Far from back to business

As day to day life in Morwell continues its return to normality 10 days after the Hazelwood fire was declared ‘safe’, it is far from “back to business” for many local shopfronts.

With businesses reporting customer losses of up to 80 per cent during the worst of the fire’s smoky fallout, some have struggled to regain the support and confidence of customers lost during the ordeal.

As Latrobe City Council and the State Government facilitate the town’s recovery through various funds and initiatives, some businesses applying for their share of $2 million in targeted recovery grants are finding the fund’s tighter than expected eligibility criteria “unhelpful” in their time of need.

Despite losing $6000 every week since the smoke crisis took root, jamming her fridges with ash, Morwell cafe manager Michelle Gatt has been told she will only receive half of the $10,000 maximum available through the grant.

“If we get that $5000, that’s not even going to cover the clean up we’ve still got to do here, and we are not able to claim loss of trade or stock on insurance… I’ve never had a nil bank account balance before,” Ms Gatt said.

Operating from a council-owned building, Ms Gatt is still waiting for her fans and filters to be cleaned.

“We are thinking about relocating the business somewhere where we are actually looked after; we don’t think we have been, and there’s a lot of traders in Morwell that feel that way,” Ms Gatt said.

Other businesses have found they are totally exempt from assistance eligibility, such as pizza takeaway store owner Kelly Kennedy, who despite holding insurance with a $500 excess, is still reeling from the “significant” hit on customer traffic.

“We are struggling; we have had our staff take time off – it’s impacted everybody,” Ms Kennedy said.

“I still have to go to work early for two hours every day to clean up – it’s an older shop so it’s not fully sealed, so dust keeps coming in.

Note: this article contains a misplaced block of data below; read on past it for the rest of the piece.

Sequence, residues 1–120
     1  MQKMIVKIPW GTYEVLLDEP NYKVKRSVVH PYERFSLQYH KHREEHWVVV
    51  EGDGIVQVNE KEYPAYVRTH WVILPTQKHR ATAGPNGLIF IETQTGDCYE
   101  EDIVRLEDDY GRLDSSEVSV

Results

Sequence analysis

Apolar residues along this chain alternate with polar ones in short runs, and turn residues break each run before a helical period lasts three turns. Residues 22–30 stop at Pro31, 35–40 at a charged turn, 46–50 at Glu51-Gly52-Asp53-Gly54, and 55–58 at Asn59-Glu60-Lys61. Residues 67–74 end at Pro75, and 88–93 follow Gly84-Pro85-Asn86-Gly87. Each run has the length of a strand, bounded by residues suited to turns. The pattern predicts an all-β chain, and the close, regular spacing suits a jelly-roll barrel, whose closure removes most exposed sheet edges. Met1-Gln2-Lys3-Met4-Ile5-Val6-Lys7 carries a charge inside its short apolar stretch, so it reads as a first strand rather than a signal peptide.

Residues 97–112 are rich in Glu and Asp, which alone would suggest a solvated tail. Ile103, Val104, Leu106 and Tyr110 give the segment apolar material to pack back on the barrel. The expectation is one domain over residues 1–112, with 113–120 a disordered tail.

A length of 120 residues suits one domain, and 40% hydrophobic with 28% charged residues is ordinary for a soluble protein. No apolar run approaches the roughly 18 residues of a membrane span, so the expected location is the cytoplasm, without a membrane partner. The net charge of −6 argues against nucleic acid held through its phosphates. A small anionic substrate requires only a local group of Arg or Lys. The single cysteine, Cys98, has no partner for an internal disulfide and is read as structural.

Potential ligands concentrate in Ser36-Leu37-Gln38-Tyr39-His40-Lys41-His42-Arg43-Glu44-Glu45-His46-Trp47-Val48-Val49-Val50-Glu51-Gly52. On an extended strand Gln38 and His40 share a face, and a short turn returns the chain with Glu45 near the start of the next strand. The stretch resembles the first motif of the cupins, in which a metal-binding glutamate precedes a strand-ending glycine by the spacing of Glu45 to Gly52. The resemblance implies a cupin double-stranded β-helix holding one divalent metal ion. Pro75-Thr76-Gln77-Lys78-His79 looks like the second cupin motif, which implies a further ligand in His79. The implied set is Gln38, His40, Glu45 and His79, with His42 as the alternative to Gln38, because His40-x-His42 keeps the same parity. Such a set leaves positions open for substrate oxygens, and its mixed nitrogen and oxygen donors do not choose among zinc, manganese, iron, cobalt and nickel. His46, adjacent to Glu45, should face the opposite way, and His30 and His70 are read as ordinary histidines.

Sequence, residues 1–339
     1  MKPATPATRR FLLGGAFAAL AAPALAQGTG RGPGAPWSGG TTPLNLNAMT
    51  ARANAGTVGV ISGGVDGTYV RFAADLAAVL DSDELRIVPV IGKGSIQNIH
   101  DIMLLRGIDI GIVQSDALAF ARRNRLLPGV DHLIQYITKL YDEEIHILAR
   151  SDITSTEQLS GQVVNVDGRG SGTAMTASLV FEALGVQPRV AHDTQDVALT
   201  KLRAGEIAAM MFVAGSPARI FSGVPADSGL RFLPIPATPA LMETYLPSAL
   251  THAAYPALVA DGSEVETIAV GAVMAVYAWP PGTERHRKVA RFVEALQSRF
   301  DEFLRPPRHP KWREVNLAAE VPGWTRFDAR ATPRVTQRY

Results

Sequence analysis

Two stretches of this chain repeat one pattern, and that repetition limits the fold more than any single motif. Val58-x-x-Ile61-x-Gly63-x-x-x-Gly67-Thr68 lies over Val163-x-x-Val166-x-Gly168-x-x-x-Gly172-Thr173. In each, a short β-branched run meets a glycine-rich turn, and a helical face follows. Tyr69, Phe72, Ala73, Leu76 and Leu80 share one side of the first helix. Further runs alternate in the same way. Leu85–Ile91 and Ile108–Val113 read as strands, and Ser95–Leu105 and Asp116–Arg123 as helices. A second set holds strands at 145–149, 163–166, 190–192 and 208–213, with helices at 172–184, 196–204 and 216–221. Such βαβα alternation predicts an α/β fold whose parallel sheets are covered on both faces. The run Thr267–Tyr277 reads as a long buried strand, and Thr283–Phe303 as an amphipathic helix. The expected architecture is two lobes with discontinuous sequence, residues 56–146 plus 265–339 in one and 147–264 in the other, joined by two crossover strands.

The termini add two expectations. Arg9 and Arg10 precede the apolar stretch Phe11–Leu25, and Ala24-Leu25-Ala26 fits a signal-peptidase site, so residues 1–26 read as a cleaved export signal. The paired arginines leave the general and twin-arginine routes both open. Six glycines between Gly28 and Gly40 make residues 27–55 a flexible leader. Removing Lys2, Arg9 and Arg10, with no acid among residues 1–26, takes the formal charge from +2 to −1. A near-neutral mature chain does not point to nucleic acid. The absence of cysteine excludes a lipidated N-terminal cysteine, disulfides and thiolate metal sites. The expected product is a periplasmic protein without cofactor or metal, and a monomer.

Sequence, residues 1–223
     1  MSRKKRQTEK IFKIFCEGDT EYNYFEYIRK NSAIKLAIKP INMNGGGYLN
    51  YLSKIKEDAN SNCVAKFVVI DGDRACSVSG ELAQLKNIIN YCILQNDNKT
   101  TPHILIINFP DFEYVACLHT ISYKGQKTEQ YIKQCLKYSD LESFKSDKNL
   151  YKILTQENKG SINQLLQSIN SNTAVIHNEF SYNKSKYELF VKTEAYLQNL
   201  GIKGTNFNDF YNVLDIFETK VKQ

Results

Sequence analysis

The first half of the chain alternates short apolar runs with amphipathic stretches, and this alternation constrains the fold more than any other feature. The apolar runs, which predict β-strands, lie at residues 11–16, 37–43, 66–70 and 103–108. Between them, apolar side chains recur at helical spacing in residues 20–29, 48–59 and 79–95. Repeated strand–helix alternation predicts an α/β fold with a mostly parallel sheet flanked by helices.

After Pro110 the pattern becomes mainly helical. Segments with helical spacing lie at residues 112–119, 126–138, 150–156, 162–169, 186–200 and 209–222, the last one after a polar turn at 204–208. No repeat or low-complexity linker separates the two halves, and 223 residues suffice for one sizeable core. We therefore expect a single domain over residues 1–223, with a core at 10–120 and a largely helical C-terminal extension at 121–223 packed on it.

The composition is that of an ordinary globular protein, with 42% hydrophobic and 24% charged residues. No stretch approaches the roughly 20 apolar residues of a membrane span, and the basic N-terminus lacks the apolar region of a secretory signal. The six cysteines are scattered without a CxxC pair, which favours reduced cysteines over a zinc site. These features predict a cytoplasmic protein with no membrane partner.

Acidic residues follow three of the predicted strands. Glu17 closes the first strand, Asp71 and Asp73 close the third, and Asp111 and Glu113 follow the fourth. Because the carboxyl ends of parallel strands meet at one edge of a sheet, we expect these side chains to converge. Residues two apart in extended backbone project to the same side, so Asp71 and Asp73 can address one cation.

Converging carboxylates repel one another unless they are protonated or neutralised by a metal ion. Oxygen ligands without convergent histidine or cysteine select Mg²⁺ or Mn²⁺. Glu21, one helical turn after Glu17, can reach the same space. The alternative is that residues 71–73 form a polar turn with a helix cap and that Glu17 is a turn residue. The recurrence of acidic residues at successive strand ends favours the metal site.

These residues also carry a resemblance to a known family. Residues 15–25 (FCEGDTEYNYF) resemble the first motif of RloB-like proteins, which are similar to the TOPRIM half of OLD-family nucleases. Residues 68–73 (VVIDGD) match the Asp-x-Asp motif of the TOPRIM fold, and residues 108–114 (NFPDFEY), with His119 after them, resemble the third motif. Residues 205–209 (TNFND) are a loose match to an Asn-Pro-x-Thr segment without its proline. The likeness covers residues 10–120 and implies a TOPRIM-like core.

“I’ve been in a pretty emotional state this week – everything just makes us feel like Morwell is a town that just doesn’t count.”

North of the railway line, hair salon owner Silvana Summerfield said the impact had been no less severe, where she said eateries and other businesses were still feeling the lost patronage.

“Things have not gone back to normal here – there hasn’t been enough exposure and promotion of Morwell businesses,” Ms Summerfield said.

Still about 50 per cent down on clientele, she said she feared she had permanently lost clients to hair salons in other towns.

“Morwell has a great range of businesses and services, and we just need to find a way to bring those people back into the town,” Ms Summerfield said.

“We really need to pick up on our self-promotion from here, because we are all really still struggling.”

It is a positive and proactive suggestion which Commercial Road niche business owner Ruth Codlin feels necessary to get Morwell shopfronts back on track.

“There’s been a real mix of how businesses have responded to this ordeal – but the situation is that this needs to be addressed quickly and effectively – we need to channel this frustration we all are feeling into thinking proactively about reinvigorating the town,” Ms Codlin said.

In response to business owners concerns grant eligibility criteria, a VECCI spokesperson said the grants between $1000 to $10,000 factored in the amount of income loss as a result of the Morwell mine fire.